FIG. 3 illustrates a portion of an ontology in a knowledge base to illustrate an example of category splitting.
FIG. 4 illustrates an example portion of a knowledge base including cross references and links among categories and terms.
FIG. 5 is a block diagram illustrating one embodiment for a content processing system.
FIG. 6 illustrates a high level block diagram of a general purpose computer system in which the terminological system of the present invention may be implemented.
Category Discovery System Overview
FIG. 1 is a block diagram illustrating one embodiment for a terminological system incorporating the category discovery techniques of the present invention. A terminological system 100 includes a knowledge base 155. In general, the knowledge base 155 is the repository for all knowledge about languages and about the concrete and abstract worlds described by language in human discourse. The knowledge base 155 contains two major types of data: language specific data necessary to describe a language used for human discourse, and language independent data necessary to describe the meaning of human discourse. The data is arranged in a hierarchy of categories. In addition to the categories, the knowledge base 155 also contains terms or concepts associated with the categories. A single category may have hundreds or terms associated with that category. One embodiment for the knowledge base 155 is described more fully below in the section “Knowledge Base.”
The terminological system 100 discovers new categories of the knowledge base 155 by dividing one or more terminological groups of terms, associated with the category, to form one or more subcategories. To discover new categories, the knowledge base 155 is coupled to morphological processing 140. For this embodiment, morphological processing 140 comprises category splitting processing 142 and cluster processing 146. As shown in FIG. 1, category splitting processing 142 receives, as input, the target category (i.e., the category to process for potentially splitting into subcategories), and generates, as output, one or more new subcategories. In operation, one or more target categories from knowledge base 155 are input to category splitting processing 142. In turn, the category splitting processing 142 analyzes the terms of a category, within the context of a document set, to generate, as appropriate, one or more subcategories. As described fully below, the cluster processing 146 is used to identify “terminological groups” of terms, from which the subcategories are generated.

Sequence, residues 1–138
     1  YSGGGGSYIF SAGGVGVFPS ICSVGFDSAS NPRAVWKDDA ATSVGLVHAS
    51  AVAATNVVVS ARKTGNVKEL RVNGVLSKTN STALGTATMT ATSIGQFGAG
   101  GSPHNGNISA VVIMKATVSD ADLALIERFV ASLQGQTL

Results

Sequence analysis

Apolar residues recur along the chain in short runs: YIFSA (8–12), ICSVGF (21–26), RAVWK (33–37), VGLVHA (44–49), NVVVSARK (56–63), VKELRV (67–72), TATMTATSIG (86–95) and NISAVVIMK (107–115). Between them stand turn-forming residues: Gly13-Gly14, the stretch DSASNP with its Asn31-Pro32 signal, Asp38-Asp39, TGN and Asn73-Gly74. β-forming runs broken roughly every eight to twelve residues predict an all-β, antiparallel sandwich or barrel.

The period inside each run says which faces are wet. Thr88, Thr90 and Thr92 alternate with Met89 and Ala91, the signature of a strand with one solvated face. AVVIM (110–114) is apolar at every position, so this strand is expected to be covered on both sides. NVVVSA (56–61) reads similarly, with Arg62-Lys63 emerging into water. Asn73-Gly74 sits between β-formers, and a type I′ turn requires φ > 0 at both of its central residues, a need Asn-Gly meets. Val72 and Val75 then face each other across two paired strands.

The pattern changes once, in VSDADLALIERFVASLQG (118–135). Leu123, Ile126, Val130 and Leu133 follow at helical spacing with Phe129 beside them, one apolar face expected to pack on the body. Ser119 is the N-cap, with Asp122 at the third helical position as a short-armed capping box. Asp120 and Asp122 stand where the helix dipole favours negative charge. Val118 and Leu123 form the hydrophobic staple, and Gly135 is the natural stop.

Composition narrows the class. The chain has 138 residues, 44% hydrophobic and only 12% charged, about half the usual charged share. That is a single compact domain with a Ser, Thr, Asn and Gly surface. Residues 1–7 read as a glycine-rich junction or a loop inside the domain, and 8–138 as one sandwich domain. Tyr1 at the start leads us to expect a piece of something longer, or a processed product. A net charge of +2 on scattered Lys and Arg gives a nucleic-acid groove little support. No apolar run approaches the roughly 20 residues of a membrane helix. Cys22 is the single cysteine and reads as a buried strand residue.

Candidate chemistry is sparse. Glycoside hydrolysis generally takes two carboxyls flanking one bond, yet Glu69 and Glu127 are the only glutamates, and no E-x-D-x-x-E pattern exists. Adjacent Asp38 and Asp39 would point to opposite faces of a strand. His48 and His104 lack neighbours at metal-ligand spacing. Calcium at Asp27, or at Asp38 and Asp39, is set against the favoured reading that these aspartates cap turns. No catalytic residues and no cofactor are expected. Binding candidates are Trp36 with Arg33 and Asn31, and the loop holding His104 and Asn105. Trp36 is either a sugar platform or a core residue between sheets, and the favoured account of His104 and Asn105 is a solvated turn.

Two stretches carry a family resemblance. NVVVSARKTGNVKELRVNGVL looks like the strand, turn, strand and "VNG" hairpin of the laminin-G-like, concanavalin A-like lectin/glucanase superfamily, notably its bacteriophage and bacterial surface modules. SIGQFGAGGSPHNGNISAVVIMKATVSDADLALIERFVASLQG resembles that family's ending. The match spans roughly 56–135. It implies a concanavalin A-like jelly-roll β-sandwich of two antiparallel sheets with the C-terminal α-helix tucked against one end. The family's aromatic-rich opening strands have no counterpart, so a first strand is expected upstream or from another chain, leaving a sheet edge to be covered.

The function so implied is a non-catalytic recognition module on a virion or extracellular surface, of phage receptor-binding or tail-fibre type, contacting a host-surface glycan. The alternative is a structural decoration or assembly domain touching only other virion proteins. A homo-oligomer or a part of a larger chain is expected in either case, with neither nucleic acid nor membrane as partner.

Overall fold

As shown in FIG. 1, morphological processing 140 utilizes documents, labeled repository of documents 125. For this embodiment, the documents 125 undergo pre-processing by a content processing system 130. Specifically, the documents are input to the content processing system 130 for analysis to generate a thematic profile of the document. For this embodiment, the thematic profile is defined as theme vector output 160. In general, the theme vector output 160 consists of, for each document, a list of themes that identify the overall thematic content of that document. In addition, the theme vector output 160 includes a theme weight, corresponding to each theme, that provides a relative measure of thematic importance relative to other themes in the document. A theme index 175 indexes the documents 125 by theme to identify documents, in the repository of documents 125, that include a particular theme. Theme index 175 facilitates the identification of documents for use in category splitting processing 142.